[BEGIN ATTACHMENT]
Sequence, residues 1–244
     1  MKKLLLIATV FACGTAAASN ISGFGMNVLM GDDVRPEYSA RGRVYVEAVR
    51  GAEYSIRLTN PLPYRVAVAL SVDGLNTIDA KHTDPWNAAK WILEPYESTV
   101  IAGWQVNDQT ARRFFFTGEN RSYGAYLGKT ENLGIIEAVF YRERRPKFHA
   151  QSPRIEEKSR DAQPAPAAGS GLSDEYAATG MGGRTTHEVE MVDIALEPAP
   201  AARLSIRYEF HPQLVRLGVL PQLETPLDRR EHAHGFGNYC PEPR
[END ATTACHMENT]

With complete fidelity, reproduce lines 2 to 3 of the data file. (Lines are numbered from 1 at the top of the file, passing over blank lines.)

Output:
     1  MKKLLLIATV FACGTAAASN ISGFGMNVLM GDDVRPEYSA RGRVYVEAVR
    51  GAEYSIRLTN PLPYRVAVAL SVDGLNTIDA KHTDPWNAAK WILEPYESTV